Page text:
Drought, low water shuts hydro plant at Roosevelt Lake, AZ


Mar 11, 2001
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Drought forces closure of Roosevelt Lake plant

Shaun McKinnon, The Arizona Republic

June 12, 2002

Arizona's drought will claim a new victim this week, forcing Salt River Project to shut down its hydroelectric generating plant at Roosevelt Dam, where water levels continue to fall.

Tim Koors/The Arizona Republic
Much of what used to be under water is now dry land near the dam at Roosevelt Lake.

SRP officials foresee no energy shortages because of the idled turbines, which account for less than 1 percent of the system's generating capacity, but there will be other costs. The utility will lose as much as $10,000 a day in revenue produced by the plant and may have to buy power from other sources to meet daily demands this summer.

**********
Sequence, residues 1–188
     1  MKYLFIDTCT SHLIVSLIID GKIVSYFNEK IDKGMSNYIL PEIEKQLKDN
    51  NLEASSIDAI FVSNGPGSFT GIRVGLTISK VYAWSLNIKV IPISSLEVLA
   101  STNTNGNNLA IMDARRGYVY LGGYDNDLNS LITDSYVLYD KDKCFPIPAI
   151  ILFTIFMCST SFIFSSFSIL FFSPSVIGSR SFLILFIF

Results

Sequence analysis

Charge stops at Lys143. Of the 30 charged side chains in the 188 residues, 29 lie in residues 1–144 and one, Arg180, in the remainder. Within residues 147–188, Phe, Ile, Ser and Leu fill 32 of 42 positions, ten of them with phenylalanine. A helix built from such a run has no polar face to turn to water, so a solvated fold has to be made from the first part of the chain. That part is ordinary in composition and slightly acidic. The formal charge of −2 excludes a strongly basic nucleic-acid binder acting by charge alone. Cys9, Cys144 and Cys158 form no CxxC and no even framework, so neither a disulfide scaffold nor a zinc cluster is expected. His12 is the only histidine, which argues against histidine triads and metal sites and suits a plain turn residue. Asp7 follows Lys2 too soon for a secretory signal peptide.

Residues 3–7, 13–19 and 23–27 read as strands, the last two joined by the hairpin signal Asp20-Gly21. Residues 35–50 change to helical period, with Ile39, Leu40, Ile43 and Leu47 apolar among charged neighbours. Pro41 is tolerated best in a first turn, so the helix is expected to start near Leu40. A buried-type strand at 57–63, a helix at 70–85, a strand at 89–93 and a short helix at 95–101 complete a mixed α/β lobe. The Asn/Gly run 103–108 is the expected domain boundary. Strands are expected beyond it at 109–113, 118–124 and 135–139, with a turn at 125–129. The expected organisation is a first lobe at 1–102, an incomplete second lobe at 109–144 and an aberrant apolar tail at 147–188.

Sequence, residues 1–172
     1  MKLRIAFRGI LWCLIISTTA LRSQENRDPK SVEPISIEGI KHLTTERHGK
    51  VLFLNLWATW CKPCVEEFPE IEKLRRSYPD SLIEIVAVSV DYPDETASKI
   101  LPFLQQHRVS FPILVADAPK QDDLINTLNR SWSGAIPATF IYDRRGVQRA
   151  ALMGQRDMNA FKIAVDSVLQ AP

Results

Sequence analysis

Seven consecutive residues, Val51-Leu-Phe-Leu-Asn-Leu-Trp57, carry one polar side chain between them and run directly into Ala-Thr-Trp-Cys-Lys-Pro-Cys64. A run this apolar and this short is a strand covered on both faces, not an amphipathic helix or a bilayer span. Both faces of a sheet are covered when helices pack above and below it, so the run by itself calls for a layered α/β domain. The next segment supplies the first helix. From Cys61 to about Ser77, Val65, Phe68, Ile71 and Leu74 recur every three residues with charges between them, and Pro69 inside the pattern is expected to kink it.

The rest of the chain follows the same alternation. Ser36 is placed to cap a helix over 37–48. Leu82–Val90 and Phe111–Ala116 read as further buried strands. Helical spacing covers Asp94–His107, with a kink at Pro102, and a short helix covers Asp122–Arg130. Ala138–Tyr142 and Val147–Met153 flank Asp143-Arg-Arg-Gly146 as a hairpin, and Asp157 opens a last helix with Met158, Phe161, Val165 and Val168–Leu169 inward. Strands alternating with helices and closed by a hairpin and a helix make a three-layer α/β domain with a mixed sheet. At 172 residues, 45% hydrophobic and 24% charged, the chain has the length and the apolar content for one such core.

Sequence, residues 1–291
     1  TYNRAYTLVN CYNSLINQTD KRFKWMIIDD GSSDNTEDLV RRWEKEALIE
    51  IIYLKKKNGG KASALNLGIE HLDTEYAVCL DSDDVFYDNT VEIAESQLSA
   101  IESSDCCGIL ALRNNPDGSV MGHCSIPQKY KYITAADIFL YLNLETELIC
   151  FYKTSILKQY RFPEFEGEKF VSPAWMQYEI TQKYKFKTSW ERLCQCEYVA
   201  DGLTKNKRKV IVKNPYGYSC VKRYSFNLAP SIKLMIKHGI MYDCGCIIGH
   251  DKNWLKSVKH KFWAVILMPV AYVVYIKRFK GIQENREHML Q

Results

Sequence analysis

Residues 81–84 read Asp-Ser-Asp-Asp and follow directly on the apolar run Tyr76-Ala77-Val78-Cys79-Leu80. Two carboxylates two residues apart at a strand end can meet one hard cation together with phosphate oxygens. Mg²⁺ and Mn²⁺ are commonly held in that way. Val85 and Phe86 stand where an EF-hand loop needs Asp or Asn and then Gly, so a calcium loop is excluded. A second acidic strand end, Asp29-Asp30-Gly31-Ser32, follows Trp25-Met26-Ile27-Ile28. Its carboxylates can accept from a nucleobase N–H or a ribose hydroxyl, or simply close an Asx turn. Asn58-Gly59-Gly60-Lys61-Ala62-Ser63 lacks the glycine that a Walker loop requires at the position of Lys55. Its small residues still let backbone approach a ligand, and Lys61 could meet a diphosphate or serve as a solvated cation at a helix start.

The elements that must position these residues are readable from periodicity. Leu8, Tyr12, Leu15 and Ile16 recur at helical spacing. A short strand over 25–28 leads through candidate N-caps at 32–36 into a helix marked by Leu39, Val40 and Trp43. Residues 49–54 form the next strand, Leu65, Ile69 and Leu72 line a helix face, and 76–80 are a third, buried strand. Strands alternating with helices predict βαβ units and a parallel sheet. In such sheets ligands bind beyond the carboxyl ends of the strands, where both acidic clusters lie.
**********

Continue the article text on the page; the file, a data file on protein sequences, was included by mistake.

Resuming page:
It's the first time in more than 50 years that SRP will mothball the Roosevelt plant because of low water, another sign of how serious the drought has become. Across Arizona, no measurable rain fell during May and no relief is forecast through June. Fire danger remains extreme, and wildlife managers report worsening conditions in the backcountry.

At Roosevelt Lake, northeast of Phoenix, the water level fell low enough late last week to trigger concerns about the power plant turbines, said Dallas Riegle, SRP's senior hydrologist.

When water levels drop too low, so does water pressure, leaving the turbines vulnerable to damage.

The other three power plants on the Salt River - Horse Mesa, Mormon Flat and Stewart Mountain - are unaffected so far because SRP maintains them at higher levels, releasing water from Roosevelt to keep them full.


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